Why Healthy Crunch started selling food at Staples

From Shopper Marketing Report: The brand taps new channels for allergen-friendly, school-approved bars, butters and jams.

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Healthy Crunch is looking to white space beyond snacking and tapping online retail to do it.

The brand is launching what it calls Canada’s first keto-certified seed butter and chia jams, as well as instant lattes and school-approved, allergen free low-sugar granola bars.

All four product lines will be available first through Costco’s online channels, but the granola bars and lattes will also be on Staples.ca, a retail channel most don’t associate with snacking. Granola products will then be rolled out at more conventional locations like Whole Foods, No Frills and Loblaw in September.

Healthy Crunch’s business, with its coconut chips and trail mixes, has been mostly centred on snacking and selling predominantly in traditional retail outlets, according to company founder Julie Bednarski, who adds that the brand usually gets “aggressive in its promotional spend in-store.”

But with COVID-19, everything has been moving online. Plus, shoppers and retailers alike have been focusing more on buying and promoting staples, leading an upstart in the niche health category like Healthy Crunch to rethink its strategy. When the brand got an opportunity to partner with Costco, which has seen a huge e-commerce spike of late thanks to pandemic demand, it shifted its efforts to getting more of its products online with retailers to move with the market.

Bringing Staples into that mix came as a result of its latest product innovations being perfect for an occasion it had never tapped before: back-to-school. While parents are browsing for school supplies – an activity that is taking place more and more online – they have an opportunity to be introduced to the Healthy Crunch brand, selling “school approved” granola bars and finding its five seed butter SKUs that are more allergy-friendly than peanut butter – something high in demand for those parents who need lunch options that are safe for their kids’ classmates that may have nut allergies.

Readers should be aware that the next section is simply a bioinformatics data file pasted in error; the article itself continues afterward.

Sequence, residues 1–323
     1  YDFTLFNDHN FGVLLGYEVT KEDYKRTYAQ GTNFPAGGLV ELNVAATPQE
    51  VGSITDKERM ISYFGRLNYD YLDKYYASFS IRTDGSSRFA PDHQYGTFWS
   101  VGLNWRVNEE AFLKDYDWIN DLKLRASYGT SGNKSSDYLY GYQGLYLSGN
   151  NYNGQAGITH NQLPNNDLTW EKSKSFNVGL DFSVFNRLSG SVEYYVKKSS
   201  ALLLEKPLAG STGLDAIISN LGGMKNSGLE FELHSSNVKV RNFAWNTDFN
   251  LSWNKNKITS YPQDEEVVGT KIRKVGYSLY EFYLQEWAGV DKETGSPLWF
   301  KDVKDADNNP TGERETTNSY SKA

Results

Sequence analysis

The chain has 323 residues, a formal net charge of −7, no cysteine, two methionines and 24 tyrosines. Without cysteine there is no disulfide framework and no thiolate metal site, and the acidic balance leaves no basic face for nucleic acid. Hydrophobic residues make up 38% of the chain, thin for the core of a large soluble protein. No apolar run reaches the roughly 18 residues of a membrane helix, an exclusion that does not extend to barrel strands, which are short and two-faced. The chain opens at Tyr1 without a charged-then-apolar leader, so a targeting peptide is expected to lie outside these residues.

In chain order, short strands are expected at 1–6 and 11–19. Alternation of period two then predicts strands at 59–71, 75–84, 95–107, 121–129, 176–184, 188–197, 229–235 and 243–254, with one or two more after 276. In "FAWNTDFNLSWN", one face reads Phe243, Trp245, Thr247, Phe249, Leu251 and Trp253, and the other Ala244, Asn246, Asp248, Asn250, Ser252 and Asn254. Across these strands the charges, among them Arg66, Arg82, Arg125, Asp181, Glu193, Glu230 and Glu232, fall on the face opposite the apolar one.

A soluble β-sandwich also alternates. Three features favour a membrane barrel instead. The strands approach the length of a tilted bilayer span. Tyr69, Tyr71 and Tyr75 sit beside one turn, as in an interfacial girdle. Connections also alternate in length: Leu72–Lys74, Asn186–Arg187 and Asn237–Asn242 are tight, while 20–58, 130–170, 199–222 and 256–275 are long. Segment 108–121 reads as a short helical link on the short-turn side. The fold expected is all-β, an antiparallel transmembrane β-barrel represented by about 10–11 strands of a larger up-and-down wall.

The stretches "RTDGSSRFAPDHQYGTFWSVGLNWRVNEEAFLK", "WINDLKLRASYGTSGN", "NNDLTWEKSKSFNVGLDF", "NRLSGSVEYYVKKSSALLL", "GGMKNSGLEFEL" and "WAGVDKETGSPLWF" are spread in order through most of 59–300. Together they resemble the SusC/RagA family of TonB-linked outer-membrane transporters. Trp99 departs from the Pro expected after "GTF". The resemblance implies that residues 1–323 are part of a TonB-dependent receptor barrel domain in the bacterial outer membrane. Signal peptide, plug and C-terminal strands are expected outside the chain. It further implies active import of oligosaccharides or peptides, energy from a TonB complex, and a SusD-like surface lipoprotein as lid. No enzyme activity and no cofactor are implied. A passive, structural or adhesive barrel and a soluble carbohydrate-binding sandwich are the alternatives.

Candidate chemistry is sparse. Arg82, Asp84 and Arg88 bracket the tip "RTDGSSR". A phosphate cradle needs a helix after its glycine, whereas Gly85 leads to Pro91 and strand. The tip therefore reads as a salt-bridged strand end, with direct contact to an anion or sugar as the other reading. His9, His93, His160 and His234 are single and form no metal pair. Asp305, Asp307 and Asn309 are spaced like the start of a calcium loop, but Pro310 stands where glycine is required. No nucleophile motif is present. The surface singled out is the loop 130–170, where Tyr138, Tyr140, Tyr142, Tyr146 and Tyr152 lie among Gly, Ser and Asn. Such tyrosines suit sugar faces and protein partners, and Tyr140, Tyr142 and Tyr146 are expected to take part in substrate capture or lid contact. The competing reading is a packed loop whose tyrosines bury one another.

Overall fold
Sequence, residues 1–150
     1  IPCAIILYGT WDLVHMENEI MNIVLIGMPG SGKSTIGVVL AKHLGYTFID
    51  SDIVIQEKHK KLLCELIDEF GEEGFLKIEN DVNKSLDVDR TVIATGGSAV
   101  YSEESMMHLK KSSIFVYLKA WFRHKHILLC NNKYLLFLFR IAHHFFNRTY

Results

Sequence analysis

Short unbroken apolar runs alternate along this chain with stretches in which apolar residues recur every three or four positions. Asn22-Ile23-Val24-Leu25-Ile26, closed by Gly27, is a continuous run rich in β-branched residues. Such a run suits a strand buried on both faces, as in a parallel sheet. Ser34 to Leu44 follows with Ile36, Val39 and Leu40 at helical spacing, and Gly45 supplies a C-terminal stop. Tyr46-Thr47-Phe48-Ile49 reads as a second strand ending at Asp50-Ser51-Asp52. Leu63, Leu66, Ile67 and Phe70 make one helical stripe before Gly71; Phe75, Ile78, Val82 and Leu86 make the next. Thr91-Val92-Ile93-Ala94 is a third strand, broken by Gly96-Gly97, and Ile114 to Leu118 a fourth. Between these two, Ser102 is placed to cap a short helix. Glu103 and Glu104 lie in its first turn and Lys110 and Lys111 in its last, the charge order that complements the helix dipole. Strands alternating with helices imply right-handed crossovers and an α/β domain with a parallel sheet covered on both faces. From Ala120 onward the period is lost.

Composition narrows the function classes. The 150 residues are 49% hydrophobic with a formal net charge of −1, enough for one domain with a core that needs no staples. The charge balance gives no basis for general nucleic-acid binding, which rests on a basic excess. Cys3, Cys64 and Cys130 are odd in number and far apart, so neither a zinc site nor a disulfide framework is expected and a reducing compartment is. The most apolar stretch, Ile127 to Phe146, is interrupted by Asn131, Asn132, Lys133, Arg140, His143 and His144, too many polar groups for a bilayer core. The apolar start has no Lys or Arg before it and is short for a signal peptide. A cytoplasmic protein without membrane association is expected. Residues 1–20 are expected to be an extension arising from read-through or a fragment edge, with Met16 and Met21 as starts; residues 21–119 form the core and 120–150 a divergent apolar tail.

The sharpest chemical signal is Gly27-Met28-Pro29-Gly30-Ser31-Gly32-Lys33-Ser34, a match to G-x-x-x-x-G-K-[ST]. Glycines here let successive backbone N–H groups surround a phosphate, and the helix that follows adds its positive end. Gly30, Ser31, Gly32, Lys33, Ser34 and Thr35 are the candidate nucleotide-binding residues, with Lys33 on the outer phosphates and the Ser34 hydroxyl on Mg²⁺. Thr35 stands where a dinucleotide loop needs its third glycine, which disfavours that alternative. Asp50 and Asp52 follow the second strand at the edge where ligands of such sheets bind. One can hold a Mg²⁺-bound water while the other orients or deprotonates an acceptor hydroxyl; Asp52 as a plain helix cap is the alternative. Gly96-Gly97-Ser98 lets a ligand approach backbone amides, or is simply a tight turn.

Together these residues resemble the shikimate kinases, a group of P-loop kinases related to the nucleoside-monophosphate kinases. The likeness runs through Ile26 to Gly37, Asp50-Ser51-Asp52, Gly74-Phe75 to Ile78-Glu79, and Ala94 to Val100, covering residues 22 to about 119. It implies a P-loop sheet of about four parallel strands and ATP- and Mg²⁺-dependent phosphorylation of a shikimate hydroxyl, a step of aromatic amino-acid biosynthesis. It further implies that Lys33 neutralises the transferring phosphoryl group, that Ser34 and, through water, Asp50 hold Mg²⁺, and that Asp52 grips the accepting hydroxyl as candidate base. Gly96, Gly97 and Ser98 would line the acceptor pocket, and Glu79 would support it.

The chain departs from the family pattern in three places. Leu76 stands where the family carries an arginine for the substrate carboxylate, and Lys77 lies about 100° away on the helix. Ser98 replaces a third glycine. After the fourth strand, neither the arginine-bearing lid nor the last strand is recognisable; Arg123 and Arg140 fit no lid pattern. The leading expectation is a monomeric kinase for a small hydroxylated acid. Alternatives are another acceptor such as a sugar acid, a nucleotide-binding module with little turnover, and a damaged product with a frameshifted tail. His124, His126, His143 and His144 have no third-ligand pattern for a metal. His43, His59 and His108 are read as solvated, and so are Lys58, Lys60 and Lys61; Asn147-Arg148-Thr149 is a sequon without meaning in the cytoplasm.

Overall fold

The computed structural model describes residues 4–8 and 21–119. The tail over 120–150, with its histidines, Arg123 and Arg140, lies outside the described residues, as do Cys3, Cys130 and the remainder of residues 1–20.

“Innovation is a big thing, and we always knew we’d innovate in other categories outside of snack food,” she says. “I realized there’s no school approved allergen-free, keto-certified spreads with these unique flavours.”

For its new products, the brand has its keto-friendly branding complimented by “school-approved” messaging featuring prominently on the packaging. Its messaging also focuses on versatility of products and usage occasions – for example, the brand highlights how instant can be incorporated into smoothies, popcorn and ice cream.

The jam category, Bednarski says, has been stagnant in terms of product innovation for a long time, and largely dominated by the likes of Smuckers. It’s also a category where the most popular options are high in sugar, and Healthy Crunch has spent three years playing around with a low sugar product line that still had the right consistency, landing on one based on chia.

Packaging design has been key to Healthy Crunch’s success, Bednarski says, having worked with Toronto graphic design agency Shintani Giordan since the brand was founded in 2014. With only a few seconds to grab people’s attention, she says it has colourful and playful palettes as well as patterns of ingredients on the outside, making it differentiation point immediately pop on shelf or online product listings.

Other parts of its digital push include beginning to explore digital flyer apps, and it has been doing giveaways with influencers and working with subscription box companies, as trial is an important part of getting repeat business. It is also continuing to focus on social, where it is looking to resonate with audience looking for “better-for-you” options more broadly, instead of getting to granular.

“Other companies focus on allergen free or vegan companies, but we are trying to bring it to more of a mass market,” Bednarski says.

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